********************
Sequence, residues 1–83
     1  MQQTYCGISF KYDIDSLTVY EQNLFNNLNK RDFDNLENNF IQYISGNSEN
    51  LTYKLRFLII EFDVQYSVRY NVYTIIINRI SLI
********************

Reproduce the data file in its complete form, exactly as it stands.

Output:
Sequence, residues 1–83
     1  MQQTYCGISF KYDIDSLTVY EQNLFNNLNK RDFDNLENNF IQYISGNSEN
    51  LTYKLRFLII EFDVQYSVRY NVYTIIINRI SLI